1. Remove obsolete restrictions on the location of the patient
  2. Maintain and enhance the Department of Health and Human Services’ (HHS) authority to determine appropriate providers and services for telehealth
  3. Ensure Federally Qualified Health Centers and rural health clinics can furnish telehealth services after the public health emergency ends
  4. Permanently authorize HHS to issue temporary waivers during public health emergencies

This ties in with the Senate hearings demonstrating support for permanent changes to some telehealth policies as medical professionals advocated in support of maintaining and strengthening expanded telehealth-enabling provisions and a bipartisan group of 30 senators called for making telehealth expansion permanent.  Next up, the House is getting ready to debate extending CARES Act telehealth coverage indefinitely.

We expected these topics to get the early attention, but for the risk adjustment world, the applicability of diagnoses from telehealth encounters for RA is the key regulation whose fate we continue to wait to hear about.  It seems extremely unlikely CMS will expand the current regulation to allow audio-only encounters to risk adjust.  Continuing the status quo of counting HCCs from telehealth visits using video would be a welcome move.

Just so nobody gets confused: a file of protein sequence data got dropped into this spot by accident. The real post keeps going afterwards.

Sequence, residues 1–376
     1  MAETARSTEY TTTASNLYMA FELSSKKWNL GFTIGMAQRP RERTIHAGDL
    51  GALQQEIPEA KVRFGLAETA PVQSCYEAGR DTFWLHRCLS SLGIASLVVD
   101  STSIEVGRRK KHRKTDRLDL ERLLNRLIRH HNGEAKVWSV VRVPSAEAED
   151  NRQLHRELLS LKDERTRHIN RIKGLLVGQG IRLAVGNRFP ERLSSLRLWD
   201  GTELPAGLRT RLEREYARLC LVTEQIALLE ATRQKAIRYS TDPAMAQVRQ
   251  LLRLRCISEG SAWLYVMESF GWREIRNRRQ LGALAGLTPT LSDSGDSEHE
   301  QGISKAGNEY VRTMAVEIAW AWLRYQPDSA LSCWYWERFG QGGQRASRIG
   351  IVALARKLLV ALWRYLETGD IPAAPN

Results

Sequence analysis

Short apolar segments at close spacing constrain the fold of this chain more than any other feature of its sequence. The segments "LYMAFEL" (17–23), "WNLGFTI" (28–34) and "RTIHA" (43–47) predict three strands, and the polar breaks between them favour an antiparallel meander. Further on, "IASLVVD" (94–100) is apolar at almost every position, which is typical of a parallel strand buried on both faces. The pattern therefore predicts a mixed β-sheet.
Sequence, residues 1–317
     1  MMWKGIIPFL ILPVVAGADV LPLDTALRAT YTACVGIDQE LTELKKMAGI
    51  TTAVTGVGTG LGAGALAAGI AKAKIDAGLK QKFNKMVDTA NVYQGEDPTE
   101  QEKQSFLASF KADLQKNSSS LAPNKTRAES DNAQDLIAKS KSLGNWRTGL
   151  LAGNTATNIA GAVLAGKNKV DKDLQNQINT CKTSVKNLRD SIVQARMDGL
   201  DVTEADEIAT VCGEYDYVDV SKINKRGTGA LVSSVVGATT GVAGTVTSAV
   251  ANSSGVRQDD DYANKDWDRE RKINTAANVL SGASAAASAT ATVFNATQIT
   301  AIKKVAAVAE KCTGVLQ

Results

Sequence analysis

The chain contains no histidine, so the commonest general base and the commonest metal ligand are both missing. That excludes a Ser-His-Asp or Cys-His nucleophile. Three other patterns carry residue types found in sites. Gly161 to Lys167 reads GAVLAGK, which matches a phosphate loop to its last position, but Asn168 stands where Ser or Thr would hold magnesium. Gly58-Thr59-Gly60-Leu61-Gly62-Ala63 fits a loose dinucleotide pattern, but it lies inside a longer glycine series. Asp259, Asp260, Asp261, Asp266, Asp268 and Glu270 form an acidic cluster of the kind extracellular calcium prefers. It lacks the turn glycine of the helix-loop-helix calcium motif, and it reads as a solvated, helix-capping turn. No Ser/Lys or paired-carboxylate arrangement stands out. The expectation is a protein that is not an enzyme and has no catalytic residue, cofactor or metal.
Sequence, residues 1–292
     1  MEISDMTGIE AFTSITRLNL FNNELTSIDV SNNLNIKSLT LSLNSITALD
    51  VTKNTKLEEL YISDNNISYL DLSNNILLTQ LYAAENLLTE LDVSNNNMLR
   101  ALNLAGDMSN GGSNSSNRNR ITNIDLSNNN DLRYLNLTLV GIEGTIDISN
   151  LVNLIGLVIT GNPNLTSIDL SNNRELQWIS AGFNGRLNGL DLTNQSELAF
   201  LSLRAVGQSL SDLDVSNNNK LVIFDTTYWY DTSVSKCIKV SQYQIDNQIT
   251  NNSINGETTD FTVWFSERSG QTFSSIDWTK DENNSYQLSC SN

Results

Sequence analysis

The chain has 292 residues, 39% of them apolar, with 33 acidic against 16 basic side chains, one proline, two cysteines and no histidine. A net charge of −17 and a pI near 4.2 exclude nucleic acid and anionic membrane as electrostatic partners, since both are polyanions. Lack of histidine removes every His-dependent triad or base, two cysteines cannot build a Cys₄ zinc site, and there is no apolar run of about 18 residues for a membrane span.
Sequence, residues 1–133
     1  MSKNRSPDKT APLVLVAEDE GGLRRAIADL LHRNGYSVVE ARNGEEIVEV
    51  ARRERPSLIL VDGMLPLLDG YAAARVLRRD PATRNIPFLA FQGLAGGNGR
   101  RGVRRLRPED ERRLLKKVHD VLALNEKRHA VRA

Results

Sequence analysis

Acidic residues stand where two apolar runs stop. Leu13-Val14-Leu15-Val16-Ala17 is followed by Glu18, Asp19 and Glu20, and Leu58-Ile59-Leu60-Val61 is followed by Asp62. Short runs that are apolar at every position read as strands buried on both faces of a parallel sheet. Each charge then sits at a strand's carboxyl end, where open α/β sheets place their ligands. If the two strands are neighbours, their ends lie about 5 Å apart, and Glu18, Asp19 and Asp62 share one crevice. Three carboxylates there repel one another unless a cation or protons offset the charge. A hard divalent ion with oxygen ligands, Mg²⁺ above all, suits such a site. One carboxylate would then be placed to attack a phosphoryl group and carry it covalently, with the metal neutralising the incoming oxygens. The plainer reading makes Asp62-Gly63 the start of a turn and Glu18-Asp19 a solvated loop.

Other telehealth resources

I wanted to take a moment to mention two additional resources, for those who work in these areas.  First is a HHS FAQ about risk adjustment for the ACA commercial market.  This document dates all the way back to April 27 (which is about a year and a half in crazy pandemic time units), but I haven’t linked it previously.  The first paragraph summarizes risk adjustment for the HHS-HCC model more succinctly and better than I ever could (emphasis is mine):

 “Any service provided through telehealth that is reimbursable under applicable state law and otherwise meets applicable risk adjustment data submission standards may be submitted to issuers’ External Gathering Data Environments (EDGE) servers for purposes of the HHS-operated risk adjustment program.  If a code submitted to an issuer’s EDGE server is descriptive of a face-to-face service furnished by a qualified healthcare professional and is an acceptable source of new diagnoses, it will be included in the risk adjustment filtering.  Telehealth visits are considered equivalent to face-to-face interactions, but are still subject to the same requirements regarding provider type and diagnostic value.”

Another great resource is guidance CMS issued on the use of telehealth encounters for eCQMs. This page links to separate documents for the 2020 and 2021 performance periods.  It’s good to see this level of detail for physicians participating in MIPS, APM, and the Medicaid Promoting Interoperability Program.

Have a question or want to learn more about Matrix's Telehealth offering?

Ted Kyi
SVP, Business Intelligence & Analytics at Matrix Medical Network

Ted Kyi is a leader in the Business Intelligence & Analytics group responsible for measurement and analysis of current and new products and services at Matrix.  Ted leads the healthcare analytics and data science teams, and is a subject matter expert on risk adjustment and government programs.  He has worked in healthcare analytics for over twenty years.  Prior to joining Matrix, Ted was president of the analytics vendor Ascender Software, and vice president of the consulting firm Infotech Systems Management.